Congress

HideShow resource information
  • Created by: Isabella
  • Created on: 11-05-14 08:46
Preview of Congress

First 392 words of the document:

Congress
What is the structure of Congress?
It is bicameral, which means there is two houses. The Senate is
made up of 100 Senators, two from each state, regardless of the
state's population. Each Senator serves 6 years before coming up
for re election, and 1/3 of the Senate is up for election at one
time. The House of Representatives, meanwhile, is much larger,
as each member represents a district, and the number of districts
is based on the population of the state (eg California has 53,
Wyoming has 1). There is currently 435 Representatives who all
serve two years before being up for re election again.
What are the powers of Congress?
Representatives:
· Initiate money bills- deciding how people's money is going
to be spent. This is because they were originally the only
house that was directly elected, so the Founding Fathers
found it fair that should have a say in how to spend it.
· Impeaching a President or Judge. This is when the House
feels the President or a Judge has not done their job
properly, and votes to impeach them. The case then goes to
the Senate for them to decide.
· Elect a President. In the event that the Electoral College is
gridlocked, and cannot decide on a President, they must
decide on a President. However, this power is very rarely
used, being used only twice, once in 1800 and once in 1824.
Senate:
· Confirm appointments made by the President. They have the
power to confirm or reject the nomination made by the
President within the executive branch or the judicial branch.
For example, Obama's new cabinet members in 2009 and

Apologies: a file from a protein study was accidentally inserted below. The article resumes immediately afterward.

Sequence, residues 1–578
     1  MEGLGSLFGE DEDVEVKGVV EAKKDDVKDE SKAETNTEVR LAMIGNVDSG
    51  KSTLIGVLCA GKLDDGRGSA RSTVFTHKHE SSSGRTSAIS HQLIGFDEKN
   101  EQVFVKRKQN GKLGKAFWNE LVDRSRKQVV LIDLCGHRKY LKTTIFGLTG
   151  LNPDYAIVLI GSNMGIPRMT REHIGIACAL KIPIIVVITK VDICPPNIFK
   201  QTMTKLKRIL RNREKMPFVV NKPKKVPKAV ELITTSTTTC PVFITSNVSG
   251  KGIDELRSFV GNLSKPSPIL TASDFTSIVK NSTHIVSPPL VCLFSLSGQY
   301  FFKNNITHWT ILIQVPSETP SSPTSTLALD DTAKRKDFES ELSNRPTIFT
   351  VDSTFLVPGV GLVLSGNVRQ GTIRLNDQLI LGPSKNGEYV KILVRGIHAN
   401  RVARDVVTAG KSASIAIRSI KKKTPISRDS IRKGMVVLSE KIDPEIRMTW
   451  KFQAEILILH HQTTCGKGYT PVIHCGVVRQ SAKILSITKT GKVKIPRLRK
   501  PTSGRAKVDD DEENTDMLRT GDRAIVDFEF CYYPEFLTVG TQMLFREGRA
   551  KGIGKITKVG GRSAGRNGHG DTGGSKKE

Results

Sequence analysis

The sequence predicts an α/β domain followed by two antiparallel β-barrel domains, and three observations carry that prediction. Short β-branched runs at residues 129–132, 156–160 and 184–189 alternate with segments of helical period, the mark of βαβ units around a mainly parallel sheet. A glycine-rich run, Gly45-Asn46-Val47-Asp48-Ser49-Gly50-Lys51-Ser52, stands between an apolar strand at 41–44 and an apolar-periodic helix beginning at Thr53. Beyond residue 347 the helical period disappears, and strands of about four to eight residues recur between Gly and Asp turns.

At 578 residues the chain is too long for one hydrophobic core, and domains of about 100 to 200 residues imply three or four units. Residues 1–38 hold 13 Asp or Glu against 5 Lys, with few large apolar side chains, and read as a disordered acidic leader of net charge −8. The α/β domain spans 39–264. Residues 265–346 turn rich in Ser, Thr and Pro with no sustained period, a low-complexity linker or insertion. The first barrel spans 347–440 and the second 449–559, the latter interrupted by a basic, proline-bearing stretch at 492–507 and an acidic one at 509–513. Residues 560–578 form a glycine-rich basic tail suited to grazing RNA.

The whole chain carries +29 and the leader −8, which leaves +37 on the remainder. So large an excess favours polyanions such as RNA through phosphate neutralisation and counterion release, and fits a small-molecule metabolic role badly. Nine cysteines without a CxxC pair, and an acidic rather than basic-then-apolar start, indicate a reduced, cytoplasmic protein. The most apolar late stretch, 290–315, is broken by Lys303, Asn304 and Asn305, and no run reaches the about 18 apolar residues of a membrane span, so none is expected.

2013 had to be confirmed. The last time a Supreme Court
nominee was rejected was 1987, where Reagan's Robert Bork
was rejected for his right wing views.
· Ratify treaties. They must approve any treaties made by the
President, to confirm that the details are correct and that it
mayu be beneficial in the future. As such, the President will
let the Senate know of the negotiations to ensure that they
will approve it. For example, Carter's Panama Canal Treaty
was approved by the Senate.

Other pages in this set

Page 2

Preview of page 2

Here's a taster:

Impeachment. The Senate tries the cases of impeachment,
once the House has accused them. They act as the jury in
cases of impeachment. For example, Bill Clinton was
acquitted by the Senate in 1999.
· Elect a Vice President. As with the House being able to elect
a President, the Senate is able to elect a Vice President if the
Electoral College cannot. Used twice, once in 1800 and once
in 1824.…read more

Page 3

Preview of page 3

Here's a taster:

Senate is much more likely to
be place the President looks to when filling their Cabinet. Finally,
the Senate is full of ex Representatives, not the other way around.
How is power distributed in Congress?
Much of the power is decentralised within Congress, mostly with
the committees, who decide how to proceed with Bills.…read more

Page 4

Preview of page 4

Here's a taster:

How are laws made?
The Bill goes through both houses at the same time. The first
reading is different in both Houses, but it is mostly just a
formality. In the House, it is placed on the Clerk's desk and then
circulated to the correct Committee. In the Senate, its name read
out before being sent to a Committee.…read more

Page 5

Preview of page 5

Here's a taster:

House, as they are up re
election every two years.
· Personal views. Especially on moral issues, such as same sex
marriage, the member may go with how they feel personally
about a certain issue.
· Party stance. Although the Party's influence is not as strong
as it is in the UK, how the party views an issue is important,
such as abortion, gun control and healthcare- a Republican is
unlikely to vote in favour of these issues.
· Pressure groups.…read more

Page 6

Preview of page 6

Here's a taster:

Checking the Executive. There are some limits on this power,
such as congressional committees being controlled by the
same party as the President, which means that they are
unlikely to provide proper oversight, due to loyalty and
unity. Further, on the other side of this, if the government is
divided then congressional committees may attempt to
discredit the President rather then check him, like the
Democrats did to Bush in 2007-2008.…read more

Comments

No comments have yet been made

Similar Government & Politics resources:

See all Government & Politics resources »See all resources »